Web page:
The course is run mainly on the Ice Age Trail. The exceptions are for a very limited amount of time on both the north and south out and backs and during road crossings.
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About the Ice Age Trail
More than 12,000 years ago, an immense flow of glacial ice sculpted a landscape of remarkable beauty across Wisconsin. As the glacier retreated, it left behind a variety of unique landscape features. These glacial remnants are now considered among the world’s finest examples of how continental glaciation sculpts our planet.
The Ice Age National Scenic Trail is a thousand-mile footpath that highlights these landscape features as it travels through some of the state’s most beautiful natural areas. The Trail is entirely within Wisconsin and is one of only eleven National Scenic Trails.
But the Ice Age Trail is more than a path through the woods. It is a place for mental and physical rejuvenation, a place to unwind after a hard day and enjoy the landscape of Wisconsin. More than 2.3 million people use the Ice Age Trail each year to hike and snowshoe, to backpack, to disconnect and reconnect.
Behind the scenes, a vibrant community of volunteers across the state work to build and maintain the Trail, making it one of the country’s best hiking experiences.
Ice Age Trail Facts:
- The Trail is managed by a partnership among the National Park Service, the Wisconsin Department of Natural Resources and the Ice Age Trail Alliance.
- The Ice Age Trail is open for hiking, backpacking and snowshoeing. Many segments support cross-country skiing, too.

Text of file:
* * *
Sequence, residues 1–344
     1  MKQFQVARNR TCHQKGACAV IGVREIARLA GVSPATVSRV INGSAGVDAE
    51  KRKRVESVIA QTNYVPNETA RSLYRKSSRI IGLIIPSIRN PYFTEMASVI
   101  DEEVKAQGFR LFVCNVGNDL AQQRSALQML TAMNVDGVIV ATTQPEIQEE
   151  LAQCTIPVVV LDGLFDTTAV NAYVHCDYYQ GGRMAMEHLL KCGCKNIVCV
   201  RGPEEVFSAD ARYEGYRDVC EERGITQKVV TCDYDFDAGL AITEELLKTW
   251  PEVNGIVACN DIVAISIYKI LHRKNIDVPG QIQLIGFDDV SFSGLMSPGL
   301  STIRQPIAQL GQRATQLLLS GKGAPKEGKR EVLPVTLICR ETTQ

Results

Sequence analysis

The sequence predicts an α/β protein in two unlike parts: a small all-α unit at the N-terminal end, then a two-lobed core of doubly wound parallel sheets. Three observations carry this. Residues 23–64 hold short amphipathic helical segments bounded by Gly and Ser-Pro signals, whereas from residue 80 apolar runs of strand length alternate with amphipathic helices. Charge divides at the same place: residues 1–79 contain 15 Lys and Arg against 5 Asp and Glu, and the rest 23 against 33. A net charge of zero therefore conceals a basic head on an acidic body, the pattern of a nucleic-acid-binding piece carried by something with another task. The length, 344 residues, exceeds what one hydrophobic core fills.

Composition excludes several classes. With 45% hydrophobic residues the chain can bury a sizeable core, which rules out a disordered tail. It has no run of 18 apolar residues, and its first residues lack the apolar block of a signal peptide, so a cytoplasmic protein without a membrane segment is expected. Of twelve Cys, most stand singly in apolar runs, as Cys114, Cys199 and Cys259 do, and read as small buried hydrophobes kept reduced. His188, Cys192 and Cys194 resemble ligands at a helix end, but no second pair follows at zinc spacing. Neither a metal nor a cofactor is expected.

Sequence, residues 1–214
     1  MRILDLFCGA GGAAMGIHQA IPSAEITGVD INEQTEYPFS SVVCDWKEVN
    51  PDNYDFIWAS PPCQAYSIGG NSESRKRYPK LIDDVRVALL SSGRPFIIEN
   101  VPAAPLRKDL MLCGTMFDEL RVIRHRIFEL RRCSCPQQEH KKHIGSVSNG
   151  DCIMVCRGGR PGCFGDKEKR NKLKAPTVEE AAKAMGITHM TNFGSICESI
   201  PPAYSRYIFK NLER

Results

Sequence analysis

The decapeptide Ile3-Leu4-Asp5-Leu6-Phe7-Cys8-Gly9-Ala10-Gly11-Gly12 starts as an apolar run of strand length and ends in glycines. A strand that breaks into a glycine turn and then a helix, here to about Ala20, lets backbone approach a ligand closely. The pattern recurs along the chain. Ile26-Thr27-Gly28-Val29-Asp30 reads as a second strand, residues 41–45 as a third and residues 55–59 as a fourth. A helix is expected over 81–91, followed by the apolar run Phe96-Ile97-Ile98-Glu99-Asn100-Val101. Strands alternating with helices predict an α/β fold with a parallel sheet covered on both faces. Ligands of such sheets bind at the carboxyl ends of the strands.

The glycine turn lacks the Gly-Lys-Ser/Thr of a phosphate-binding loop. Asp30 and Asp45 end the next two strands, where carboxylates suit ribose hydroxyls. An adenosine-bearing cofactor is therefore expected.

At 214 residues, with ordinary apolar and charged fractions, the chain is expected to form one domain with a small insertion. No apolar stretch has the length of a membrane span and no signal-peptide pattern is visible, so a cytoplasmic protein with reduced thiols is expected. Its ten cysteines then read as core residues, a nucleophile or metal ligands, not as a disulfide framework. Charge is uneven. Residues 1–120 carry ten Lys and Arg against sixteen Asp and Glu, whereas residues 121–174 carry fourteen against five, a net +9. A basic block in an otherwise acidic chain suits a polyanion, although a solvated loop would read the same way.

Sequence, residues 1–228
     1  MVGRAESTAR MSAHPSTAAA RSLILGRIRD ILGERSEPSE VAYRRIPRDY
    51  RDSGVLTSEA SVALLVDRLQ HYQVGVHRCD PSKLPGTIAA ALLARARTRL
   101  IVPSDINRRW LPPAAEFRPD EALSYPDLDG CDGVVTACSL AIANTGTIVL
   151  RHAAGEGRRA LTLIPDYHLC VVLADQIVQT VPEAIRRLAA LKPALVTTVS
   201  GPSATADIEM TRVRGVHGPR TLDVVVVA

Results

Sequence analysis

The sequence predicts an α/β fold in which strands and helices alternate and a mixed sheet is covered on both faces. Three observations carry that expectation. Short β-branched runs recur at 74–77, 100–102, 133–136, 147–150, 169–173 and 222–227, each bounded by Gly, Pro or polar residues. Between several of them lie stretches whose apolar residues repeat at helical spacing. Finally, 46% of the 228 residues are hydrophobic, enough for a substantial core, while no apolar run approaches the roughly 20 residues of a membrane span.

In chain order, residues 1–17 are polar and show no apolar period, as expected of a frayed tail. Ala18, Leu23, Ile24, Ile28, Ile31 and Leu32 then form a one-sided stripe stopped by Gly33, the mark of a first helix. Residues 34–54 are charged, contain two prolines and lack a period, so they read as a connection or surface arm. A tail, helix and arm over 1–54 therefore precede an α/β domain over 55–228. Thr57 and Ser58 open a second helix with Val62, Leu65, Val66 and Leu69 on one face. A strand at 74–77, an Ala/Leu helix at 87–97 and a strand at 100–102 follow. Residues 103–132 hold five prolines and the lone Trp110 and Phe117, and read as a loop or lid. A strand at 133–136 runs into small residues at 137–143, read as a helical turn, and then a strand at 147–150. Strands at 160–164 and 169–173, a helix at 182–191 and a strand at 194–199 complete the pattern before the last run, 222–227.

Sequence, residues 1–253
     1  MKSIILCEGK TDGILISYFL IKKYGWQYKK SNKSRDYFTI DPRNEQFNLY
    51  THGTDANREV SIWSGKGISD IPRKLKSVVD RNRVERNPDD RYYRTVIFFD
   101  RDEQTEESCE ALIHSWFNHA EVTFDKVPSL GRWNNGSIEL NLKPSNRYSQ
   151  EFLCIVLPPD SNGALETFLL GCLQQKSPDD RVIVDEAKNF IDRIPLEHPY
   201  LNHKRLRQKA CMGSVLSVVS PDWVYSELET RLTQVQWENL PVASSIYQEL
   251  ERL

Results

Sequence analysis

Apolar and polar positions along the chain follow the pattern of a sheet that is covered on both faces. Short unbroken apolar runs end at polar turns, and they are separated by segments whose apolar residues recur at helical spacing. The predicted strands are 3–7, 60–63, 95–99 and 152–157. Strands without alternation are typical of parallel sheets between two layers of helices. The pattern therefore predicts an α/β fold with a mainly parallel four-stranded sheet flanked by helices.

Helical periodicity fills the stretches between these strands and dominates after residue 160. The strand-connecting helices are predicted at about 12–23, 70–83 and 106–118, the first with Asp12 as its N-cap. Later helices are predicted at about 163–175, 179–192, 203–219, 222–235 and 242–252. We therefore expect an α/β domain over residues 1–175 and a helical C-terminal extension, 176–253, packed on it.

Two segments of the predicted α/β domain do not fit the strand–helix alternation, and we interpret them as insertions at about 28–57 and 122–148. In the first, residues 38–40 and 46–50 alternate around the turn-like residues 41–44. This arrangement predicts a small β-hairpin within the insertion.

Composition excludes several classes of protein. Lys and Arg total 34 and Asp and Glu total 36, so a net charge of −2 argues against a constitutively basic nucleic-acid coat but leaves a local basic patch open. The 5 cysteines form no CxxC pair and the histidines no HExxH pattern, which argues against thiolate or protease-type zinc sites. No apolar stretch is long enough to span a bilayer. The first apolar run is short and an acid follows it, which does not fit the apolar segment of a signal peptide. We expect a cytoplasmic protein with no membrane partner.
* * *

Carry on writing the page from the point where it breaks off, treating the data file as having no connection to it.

- The Trail is not yet complete. More than 600 miles are yellow-blazed Ice Age Trail segments, and more than 500 miles of unmarked connecting routes link the blazed segments. The entire route is about 1,200 miles long.
- The Trail’s western terminus is in Interstate State Park in St. Croix Falls, Polk County. It overlooks the St. Croix River and our neighbors in Minnesota.
- The Trail’s eastern terminus is in Potawatomi State Park in Sturgeon Bay, Door County.
- The Ice Age Trail is built and maintained largely by volunteers. Please join us in caring for this remarkable treasure.
- Most of the blazed Ice Age Trail Segments fit hikers’ ideas of a traditional, off-road hiking experience. Some segments, however, lead hikers right down the main streets of Wisconsin communities. This is by design – the Ice Age Trail is meant to connect people and communities.
- Thirteen municipalities (with more joining each year) have chosen recognition as an Ice Age Trail Community, underscoring the Trail’s positive economic impact, locally. Together, the Ice Age Trail Alliance and Trail Communities promote the unique qualities that make the Trail, and the community it travels through, a meaningful destination.
- The Trail occasionally coincides with state bike trails – biking is allowed on these sections only. Horseback riding is not permitted. Motorized vehicles are not permitted (with the exception of just a few segments that share state multi-use trails).
- The Ice Age Trail began in the 1950s as the dream of Milwaukeean Ray Zillmer, who had a vision of a long, linear park winding through Wisconsin along the glacier’s terminal moraine.
- The Trail crosses over many ownership types, including private land, city parks, state parks, county forests and national forest.
- The Trail travels through 30 counties.
- One of the goals of the Ice Age Trail Alliance is to permanently protect the route of the Ice Age Trail. Every year, we purchase land with privately donated funds and grants from government partners to get closer to achieving this goal. The State of Wisconsin also acquires land for the Trail through its Knowles-Nelson Stewardship Program.